Sprout can help you record your issued shares into a digital registrar during the onboarding process. This will create a living online record of your securities. During onboarding, you will be asked if you need to issue stock certificates and you can select the option to not issue. We recommend that after onboarding you upload scans of all the stock certificates so you can attach the scan to the stakeholder. These electronic certificates will serve as your stockholders' ownership records and will be securely accessible via their respective Sprout log-ins. We do recommend you check with your legal advisor if you will also need to issue paper certificates to be in compliance with your home jurisdiction. If you need more information, feel free to reach out to us.
Are electronic securities valid and what do I need to do with my paper certificates?
Depending on where your company is domiciled, you may need to maintain your paper certificates along with your digital stock certificates. The best way to know is to check with your legal advisor. At Sprout we may be able to recommend some great and affordable ones to you. Once you have an idea, Sprout will offer you the option to document your stock certificates electronically. There are two ways to represent stock on Sprout: certificated and uncertificated. These just refer to how a company chooses to evidence ownership of stock.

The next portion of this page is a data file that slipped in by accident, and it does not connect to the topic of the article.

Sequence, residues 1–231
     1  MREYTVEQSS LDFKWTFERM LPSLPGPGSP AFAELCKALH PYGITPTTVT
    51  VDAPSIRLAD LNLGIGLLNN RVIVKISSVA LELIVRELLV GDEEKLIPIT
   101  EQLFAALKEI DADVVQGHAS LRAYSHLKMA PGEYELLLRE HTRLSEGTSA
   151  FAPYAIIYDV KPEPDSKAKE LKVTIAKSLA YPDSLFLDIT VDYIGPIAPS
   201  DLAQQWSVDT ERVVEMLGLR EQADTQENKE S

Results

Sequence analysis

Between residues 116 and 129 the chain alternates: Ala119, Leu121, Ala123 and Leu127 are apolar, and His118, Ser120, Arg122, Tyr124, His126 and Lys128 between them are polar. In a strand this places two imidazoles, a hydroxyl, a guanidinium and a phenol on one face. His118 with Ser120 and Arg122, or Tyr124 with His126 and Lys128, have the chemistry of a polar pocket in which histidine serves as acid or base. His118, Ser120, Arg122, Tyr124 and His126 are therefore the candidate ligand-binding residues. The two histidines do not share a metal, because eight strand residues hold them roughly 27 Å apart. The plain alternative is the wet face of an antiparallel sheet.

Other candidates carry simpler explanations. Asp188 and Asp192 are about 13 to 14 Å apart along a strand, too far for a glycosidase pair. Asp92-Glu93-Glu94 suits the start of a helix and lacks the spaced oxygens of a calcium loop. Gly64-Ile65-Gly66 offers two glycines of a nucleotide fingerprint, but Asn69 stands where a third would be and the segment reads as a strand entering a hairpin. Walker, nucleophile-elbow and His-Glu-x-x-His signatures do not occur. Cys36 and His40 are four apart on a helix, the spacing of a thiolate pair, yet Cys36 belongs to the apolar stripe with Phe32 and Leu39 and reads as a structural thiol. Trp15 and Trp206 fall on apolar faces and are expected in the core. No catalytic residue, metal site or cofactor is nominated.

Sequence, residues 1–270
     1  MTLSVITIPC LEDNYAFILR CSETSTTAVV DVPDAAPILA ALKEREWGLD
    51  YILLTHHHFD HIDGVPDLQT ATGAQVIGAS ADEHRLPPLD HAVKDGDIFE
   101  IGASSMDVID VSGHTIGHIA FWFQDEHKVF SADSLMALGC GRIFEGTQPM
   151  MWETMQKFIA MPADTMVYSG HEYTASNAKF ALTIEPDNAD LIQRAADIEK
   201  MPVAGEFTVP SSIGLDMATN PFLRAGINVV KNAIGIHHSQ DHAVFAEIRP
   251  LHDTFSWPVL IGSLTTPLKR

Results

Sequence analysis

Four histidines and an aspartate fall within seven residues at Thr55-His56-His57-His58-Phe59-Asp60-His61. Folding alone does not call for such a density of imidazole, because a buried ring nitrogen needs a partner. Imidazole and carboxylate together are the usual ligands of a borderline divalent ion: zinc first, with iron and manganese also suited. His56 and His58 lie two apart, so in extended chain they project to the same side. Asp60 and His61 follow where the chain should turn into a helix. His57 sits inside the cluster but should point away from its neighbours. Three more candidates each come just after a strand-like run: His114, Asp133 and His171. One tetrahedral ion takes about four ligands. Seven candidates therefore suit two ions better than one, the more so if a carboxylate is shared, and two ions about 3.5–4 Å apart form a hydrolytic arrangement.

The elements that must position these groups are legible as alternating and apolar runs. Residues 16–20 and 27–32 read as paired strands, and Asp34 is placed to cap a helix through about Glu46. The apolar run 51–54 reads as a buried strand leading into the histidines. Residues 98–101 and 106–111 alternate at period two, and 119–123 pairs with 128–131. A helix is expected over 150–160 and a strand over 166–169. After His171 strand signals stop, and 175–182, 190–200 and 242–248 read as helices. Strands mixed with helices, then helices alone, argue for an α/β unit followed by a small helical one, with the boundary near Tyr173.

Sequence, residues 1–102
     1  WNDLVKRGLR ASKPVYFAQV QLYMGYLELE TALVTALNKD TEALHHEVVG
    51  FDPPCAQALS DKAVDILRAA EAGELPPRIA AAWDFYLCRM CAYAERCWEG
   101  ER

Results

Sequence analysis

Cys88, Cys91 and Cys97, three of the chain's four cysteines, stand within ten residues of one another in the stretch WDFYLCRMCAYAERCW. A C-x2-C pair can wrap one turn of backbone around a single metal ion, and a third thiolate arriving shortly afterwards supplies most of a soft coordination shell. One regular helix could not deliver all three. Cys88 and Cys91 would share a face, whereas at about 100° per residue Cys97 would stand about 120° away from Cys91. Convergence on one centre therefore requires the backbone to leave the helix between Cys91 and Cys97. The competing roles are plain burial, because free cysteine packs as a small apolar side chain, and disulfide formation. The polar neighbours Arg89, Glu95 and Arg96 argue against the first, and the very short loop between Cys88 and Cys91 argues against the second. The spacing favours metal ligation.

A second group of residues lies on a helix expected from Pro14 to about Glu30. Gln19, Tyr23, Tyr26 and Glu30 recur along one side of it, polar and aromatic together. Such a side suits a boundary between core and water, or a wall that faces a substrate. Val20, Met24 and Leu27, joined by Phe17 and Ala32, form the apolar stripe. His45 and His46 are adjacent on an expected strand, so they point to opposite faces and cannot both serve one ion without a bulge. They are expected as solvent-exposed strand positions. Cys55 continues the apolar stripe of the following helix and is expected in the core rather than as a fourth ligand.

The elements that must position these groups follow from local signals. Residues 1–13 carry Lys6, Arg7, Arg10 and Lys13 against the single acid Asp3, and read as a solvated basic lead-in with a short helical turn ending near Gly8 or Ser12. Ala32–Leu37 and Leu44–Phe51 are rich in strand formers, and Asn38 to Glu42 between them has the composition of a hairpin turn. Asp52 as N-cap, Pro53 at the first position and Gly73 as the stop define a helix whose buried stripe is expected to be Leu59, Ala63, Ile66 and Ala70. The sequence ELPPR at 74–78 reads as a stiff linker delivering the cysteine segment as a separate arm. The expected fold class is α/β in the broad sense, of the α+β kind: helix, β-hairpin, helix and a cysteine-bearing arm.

"Certificated" shares are represented with a certificate (paper and/or electronic), and "uncertificated" shares are simply entries recorded on an official ledger (like debits and credits to a bank account or an accounting ledger). Certificated shares are shares evidenced with a paper stock certificate (traditionally this is just a piece of paper with important details about the shares). Whoever holds the "certificate" has physical evidence of ownership.
Uncertificated shares are shares tracked on the books of the company. These shares are issued without a certificate to evidence ownership. Uncertificated shares might also be thought of as "book-entry" shares. The company, the company’s transfer agent, or a broker-dealer provides evidence of ownership to the owner via an account statement and regular updates.